Open access – reflecting on our journey 15 years on

Our infographic highlights 10 ways we support open access

OA infographic image

Almost 20 years ago, an idea for a new, different way of publishing was shared within the research community. Today, open access – in all its shapes and forms – is a standard option for authors across the globe and across all the journals we publish.

We weren’t the first or the fastest to adapt, but we’ve come a long way since the introduction of our self-archiving policy in 2004 and the launch of our first open access journal in 2009. Today, with over 250 fully open access journals and 26 percent growth of OA articles year-on-year, we are one of the world’s fastest-growing open access publishers.

Every year, we notice an increase in the number of authors who choose to publish open access with us and those accessing the articles on our platform, ScienceDirect. This reinforces our responsibility to keep the quality of our journals high and evolve our offerings to meet diverse needs. We want to continue to support authors to publish in the journal of their choice under the model of their choice.

Most of our journals now offer an immediate (gold) open access option at a price below market average while delivering above average quality. However, we are aware that not all authors can cover publication costs themselves. That’s why we have enabled the green open access option across all our journals, without exception – so all researchers who publish with us can go OA should they wish to do so. Additionally, we have partnerships and agreements with funding bodies and institutions around the world to help funded researchers meet their requirements, and to help develop the new workflows and systems needed for OA.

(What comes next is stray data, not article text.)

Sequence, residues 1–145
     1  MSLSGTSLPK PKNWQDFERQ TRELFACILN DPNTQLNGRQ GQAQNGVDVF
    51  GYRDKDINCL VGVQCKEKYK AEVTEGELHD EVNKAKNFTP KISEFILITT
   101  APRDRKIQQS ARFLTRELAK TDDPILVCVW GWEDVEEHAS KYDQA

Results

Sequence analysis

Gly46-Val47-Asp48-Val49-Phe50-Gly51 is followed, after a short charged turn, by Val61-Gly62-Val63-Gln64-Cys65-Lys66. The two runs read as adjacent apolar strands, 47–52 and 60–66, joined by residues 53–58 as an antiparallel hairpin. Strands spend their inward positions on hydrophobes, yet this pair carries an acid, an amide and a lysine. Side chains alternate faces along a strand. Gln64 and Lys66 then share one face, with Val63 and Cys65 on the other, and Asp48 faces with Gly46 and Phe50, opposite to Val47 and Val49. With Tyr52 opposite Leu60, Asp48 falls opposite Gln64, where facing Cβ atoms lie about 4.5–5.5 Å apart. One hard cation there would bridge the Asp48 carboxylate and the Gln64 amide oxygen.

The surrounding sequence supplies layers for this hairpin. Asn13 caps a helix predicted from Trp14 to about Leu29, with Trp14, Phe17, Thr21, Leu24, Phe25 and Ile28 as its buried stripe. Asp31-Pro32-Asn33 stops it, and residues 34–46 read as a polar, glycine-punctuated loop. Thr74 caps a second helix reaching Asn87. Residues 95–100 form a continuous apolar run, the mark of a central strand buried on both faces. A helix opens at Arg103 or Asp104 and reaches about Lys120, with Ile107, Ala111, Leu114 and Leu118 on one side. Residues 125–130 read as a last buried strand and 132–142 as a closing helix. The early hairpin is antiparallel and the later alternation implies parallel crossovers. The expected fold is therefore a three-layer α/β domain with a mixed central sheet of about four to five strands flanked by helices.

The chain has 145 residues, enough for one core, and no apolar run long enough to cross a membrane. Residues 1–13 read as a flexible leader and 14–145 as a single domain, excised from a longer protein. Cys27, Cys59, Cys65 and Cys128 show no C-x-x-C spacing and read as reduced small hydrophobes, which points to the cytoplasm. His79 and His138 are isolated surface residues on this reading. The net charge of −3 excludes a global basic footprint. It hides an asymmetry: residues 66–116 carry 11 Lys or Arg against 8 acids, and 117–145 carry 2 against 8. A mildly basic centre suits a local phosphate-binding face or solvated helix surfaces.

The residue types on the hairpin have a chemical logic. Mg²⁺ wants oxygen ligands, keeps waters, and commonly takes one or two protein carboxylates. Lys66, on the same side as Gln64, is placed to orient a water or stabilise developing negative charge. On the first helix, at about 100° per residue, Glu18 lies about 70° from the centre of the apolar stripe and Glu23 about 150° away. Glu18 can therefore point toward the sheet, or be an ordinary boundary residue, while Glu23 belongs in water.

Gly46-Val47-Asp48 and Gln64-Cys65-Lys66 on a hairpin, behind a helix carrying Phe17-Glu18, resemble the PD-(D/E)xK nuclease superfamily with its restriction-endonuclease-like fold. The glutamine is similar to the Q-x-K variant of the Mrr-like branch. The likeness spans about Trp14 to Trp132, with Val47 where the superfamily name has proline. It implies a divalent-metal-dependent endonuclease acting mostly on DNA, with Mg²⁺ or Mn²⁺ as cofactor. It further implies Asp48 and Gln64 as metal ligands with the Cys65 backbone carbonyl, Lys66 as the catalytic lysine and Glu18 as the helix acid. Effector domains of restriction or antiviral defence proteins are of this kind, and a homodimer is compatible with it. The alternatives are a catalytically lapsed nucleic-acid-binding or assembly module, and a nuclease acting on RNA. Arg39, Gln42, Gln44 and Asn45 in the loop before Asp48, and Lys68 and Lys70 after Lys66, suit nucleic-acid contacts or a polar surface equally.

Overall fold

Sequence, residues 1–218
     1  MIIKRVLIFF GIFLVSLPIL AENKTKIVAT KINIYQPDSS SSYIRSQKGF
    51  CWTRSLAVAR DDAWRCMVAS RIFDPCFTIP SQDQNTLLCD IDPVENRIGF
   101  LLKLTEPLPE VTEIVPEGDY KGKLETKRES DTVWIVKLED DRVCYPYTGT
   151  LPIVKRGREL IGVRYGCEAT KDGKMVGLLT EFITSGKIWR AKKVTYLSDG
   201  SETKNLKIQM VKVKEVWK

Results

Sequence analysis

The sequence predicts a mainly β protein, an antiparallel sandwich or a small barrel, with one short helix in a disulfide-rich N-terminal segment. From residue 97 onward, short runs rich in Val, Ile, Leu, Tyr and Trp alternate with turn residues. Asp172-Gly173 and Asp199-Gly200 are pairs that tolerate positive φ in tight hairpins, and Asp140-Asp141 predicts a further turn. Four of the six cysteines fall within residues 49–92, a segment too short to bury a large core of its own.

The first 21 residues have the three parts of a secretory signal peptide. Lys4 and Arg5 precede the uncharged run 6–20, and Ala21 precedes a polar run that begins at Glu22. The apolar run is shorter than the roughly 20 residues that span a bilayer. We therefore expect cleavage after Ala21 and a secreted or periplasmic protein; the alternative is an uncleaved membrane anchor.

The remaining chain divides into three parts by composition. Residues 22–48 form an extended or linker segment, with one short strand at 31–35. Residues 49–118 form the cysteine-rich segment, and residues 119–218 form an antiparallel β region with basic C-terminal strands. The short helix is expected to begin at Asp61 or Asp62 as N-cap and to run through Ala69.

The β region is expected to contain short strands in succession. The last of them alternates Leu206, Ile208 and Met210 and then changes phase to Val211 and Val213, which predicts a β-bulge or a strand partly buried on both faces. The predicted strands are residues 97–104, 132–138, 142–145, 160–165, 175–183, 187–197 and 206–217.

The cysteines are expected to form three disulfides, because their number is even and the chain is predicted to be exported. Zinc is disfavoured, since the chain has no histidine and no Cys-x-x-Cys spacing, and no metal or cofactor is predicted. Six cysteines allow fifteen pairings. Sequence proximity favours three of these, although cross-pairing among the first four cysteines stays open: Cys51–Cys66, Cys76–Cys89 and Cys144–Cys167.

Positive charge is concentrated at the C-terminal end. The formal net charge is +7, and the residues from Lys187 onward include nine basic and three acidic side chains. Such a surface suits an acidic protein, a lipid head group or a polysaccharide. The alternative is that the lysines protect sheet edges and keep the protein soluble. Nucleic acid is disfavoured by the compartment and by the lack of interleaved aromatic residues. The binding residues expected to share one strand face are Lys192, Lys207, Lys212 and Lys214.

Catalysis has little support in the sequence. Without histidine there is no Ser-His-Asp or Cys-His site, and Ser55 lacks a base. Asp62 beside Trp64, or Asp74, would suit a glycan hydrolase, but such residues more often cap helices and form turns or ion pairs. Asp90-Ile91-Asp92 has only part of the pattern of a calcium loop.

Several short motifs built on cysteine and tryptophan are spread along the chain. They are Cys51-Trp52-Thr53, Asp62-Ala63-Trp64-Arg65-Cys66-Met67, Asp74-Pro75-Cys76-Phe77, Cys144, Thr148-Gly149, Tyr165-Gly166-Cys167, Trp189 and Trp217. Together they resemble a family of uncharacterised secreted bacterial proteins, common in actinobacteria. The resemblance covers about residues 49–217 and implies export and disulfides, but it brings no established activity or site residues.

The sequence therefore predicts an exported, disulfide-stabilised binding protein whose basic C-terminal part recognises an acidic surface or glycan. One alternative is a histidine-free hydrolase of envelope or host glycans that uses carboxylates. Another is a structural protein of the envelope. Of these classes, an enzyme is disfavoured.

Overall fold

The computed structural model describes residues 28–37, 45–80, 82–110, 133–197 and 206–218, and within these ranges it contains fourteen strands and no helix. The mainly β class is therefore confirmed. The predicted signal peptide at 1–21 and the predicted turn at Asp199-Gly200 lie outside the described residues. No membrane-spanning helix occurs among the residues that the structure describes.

As a technology company, we have made a commitment to support open science beyond just publishing, and to enable a more inclusive, collaborative and transparent world of research. We keep our preprint server, SSRN, free for all authors who wish to share their original work, and we encourage them to do so, both for the articles we go on to publish and for those that go on to be published elsewhere. Furthermore, institutions that want to build their own open access programs and showcase their institutional output can now do so using Digital Commons, with full control of the processes and infrastructure.

We will continue to test new solutions and learn from the communities we serve to up-scale those that work and down-scale those that do not – and we welcome your feedback every step of the way.

We have created an infographic to give you a full overview of the ways we support open access – have a look to find out more.

Written by

Georgiana-Simona Baciu

Written by

Georgiana-Simona Baciu

Georgiana-Simona Baciu is Open Science Manager at Elsevier. After obtaining a bachelor’s degree in Politics and International Relations from the University of Manchester, UK, she moved to Amsterdam in 2017 to join Elsevier’s Newsroom as an intern. Georgiana is a strong believer in the power of volunteering and in communication as a tool to bridge the gap between sustainability research and policy.


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